Summary: Closing a Socket

From: Pete Hogan (
Date: Thu Aug 03 2000 - 09:28:33 CDT

Thanks to all those who responded, but it looks like
you can't close a socket. My problem turned out to be
that there is a wait time imposed on sockets to stay
active even after the process is closed. However, some
useful items were also mentioned such as:

>From Bruce F. Wilkins:

If the program runs within inetd, try removing the pgm
and the port
number form /etc/services and try doing a pkill -HUP

>From Giri Sekar:

Use lsof. It is freely available and gives you all
opens and the format
can be given as an input to awk or other powerful

(I checked on this and it would work great if you had
a zombie process keeping the port and didn't know what
process was holding the port).

>From Stout Logan:

How long after the program ends is the socket empty? I
ask because in
unix socket faq
( ,, it states:


2.5 How do I properly close a socket?

This question is usually asked by people who try
close(), because they
seen that that is what they are supposed to do, and
then run netstat
and see
that their socket is still active.
Yes, close() is the correct method. To read about the
TIME_WAIT state,
why it is important, refer to 2.7 Please explain the
TIME_WAIT state..


2.7. Please explain the TIME_WAIT state.

  Remember that TCP guarantees all data transmitted
will be delivered,
  if at all possible. When you close a socket, the
server goes into a
  TIME_WAIT state, just to be really really sure that
all the data has
  gone through. When a socket is closed, both sides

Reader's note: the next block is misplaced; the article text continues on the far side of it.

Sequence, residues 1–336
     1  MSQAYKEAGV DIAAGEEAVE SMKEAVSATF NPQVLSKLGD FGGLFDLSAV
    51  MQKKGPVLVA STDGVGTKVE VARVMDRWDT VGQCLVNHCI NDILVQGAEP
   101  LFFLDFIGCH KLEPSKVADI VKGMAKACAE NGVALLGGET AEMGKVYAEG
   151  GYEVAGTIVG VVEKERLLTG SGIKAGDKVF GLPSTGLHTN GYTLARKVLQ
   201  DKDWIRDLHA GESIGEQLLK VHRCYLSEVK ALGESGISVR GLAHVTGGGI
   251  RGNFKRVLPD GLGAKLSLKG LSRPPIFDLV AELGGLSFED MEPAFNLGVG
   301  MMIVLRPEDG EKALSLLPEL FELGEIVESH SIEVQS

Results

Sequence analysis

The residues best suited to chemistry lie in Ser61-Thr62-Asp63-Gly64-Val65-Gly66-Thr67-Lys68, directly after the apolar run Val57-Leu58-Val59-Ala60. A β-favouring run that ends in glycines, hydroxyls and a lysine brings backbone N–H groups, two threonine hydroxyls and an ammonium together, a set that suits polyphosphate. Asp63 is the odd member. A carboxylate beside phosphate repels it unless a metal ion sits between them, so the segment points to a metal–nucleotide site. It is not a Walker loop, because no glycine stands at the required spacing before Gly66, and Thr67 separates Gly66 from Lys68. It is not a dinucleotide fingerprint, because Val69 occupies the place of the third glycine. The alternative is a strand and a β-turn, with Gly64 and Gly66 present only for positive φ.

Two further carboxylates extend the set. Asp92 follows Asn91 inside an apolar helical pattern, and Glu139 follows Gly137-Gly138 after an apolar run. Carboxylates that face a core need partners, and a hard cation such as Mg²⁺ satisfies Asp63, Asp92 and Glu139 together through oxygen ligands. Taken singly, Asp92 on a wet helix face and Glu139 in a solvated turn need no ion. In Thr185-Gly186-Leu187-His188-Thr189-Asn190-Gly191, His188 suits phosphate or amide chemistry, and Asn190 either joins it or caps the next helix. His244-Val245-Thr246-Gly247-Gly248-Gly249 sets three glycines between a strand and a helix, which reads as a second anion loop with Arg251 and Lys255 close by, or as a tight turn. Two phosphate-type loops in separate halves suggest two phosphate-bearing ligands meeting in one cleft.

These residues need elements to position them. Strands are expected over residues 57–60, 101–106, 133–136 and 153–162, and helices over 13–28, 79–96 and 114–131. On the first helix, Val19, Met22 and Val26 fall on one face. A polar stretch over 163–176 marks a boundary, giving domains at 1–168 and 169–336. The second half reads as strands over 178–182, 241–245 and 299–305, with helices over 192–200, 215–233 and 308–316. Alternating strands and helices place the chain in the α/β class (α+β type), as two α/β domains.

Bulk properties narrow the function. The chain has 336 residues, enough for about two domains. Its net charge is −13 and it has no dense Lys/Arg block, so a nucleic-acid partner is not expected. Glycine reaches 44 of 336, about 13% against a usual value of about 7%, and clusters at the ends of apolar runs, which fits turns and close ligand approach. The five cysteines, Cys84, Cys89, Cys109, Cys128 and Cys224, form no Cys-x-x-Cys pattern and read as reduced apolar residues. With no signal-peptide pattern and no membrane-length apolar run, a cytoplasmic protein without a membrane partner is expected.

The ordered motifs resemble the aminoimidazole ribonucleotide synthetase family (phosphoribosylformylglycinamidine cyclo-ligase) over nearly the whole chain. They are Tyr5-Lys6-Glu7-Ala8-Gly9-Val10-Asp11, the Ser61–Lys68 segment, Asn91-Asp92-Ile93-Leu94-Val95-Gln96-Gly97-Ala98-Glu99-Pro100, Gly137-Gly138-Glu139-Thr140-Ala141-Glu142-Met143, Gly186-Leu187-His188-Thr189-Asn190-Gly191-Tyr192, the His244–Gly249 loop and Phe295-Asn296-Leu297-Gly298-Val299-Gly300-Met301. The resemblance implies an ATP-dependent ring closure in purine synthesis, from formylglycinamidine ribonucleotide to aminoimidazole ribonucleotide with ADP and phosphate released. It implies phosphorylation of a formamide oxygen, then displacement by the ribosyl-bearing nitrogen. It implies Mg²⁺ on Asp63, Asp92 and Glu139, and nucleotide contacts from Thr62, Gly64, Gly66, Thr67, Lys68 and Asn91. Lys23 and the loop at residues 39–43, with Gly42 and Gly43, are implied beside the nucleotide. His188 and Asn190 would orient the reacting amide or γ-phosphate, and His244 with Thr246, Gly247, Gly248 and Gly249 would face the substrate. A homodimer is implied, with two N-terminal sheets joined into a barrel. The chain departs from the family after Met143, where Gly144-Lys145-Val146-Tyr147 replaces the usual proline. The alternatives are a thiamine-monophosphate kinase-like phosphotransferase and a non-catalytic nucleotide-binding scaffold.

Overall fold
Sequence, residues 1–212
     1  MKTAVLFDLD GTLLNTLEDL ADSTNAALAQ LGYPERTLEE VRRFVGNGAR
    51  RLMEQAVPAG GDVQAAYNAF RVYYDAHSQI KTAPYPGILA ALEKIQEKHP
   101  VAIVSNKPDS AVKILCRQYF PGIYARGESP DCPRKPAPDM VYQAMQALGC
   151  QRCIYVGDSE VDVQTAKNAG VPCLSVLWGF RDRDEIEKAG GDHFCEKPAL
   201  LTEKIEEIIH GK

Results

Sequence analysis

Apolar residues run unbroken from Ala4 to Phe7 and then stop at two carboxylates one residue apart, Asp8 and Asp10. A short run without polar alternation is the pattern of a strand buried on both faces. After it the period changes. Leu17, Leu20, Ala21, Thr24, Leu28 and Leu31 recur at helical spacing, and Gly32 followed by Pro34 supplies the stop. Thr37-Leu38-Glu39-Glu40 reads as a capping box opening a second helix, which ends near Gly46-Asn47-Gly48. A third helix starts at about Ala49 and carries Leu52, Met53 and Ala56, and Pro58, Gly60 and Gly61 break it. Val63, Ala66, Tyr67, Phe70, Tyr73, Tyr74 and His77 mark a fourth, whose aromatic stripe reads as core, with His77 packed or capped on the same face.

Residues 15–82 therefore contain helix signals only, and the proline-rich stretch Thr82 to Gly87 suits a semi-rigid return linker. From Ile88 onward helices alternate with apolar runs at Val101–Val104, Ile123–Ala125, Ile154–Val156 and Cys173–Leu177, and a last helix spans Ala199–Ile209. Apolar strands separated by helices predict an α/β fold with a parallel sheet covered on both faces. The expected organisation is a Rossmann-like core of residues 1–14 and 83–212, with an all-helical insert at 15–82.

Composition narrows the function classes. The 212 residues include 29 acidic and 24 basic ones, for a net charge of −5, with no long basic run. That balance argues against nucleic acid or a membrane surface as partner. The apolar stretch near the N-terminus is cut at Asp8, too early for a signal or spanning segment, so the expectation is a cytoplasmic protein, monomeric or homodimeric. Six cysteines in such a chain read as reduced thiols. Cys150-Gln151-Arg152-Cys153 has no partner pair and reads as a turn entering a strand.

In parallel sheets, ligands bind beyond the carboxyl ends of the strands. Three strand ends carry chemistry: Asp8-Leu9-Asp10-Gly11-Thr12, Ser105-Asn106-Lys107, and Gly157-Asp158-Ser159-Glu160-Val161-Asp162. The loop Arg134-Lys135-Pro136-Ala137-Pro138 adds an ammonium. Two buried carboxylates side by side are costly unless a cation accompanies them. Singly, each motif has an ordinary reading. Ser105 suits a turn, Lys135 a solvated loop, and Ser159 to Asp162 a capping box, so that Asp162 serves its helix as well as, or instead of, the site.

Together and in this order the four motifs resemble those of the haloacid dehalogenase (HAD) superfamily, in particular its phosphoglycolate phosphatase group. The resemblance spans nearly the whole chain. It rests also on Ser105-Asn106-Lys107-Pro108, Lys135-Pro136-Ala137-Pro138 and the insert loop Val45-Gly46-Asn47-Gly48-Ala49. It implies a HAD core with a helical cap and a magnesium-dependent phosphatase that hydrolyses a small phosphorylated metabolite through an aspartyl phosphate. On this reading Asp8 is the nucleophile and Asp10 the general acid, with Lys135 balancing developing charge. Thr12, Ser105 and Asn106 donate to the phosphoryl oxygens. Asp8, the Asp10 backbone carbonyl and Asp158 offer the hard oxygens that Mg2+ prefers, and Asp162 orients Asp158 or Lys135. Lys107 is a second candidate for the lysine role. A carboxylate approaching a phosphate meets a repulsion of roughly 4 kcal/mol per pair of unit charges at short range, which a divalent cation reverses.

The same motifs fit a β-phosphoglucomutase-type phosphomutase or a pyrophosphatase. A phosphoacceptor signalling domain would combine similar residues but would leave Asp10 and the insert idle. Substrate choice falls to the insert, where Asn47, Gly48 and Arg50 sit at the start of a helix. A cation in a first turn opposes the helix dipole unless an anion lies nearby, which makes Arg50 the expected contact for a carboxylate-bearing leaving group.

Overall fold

agree by sending
  messages to each other that they will send no more
data. This, it
  seemed to me was good enough, and after the
handshaking is done, the
  socket should be closed. The problem is two-fold.
First, there is
  way to be sure that the last ack was communicated
  Second, there may be "wandering duplicates" left on
the net that must
  be dealt with if they are delivered.

 Assume that a connection is in ESTABLISHED state, and
the client is
  about to do an orderly release. The client's
sequence no. is Sc, and
  the server's is Ss. The pipe is empty in both

          (client closes)
          (2*msl elapses...)

  Note: the +1 on the sequence numbers is because the
FIN counts as one
  byte of data. (The above diagram is equivalent to
fig. 13 from RFC

  Now consider what happens if the last of those
packets is dropped in
  the network. The client has done with the
connection; it has no more
  data or control info to send, and never will have.
But the server
  not know whether the client received all the data
correctly; that's
  what the last ACK segment is for. Now the server may
or may not care
  whether the client got the data, but that is not an
issue for TCP;
  is a reliable rotocol, and must distinguish between
an orderly
  connection close where all data is transferred, and
a connection
  where data may or may not have been lost.

  So, if that last packet is dropped, the server will
retransmit it (it
  is, after all, an unacknowledged segment) and will
expect to see a
  suitable ACK segment in reply. If the client went
straight to
  the only possible response to that retransmit would
be a RST, which
  would indicate to the server that data had been
lost, when in fact it
  had not been.

Hope this helps others,

Pete Hogan
Manager of Information Systems
MetaMatrix Inc,

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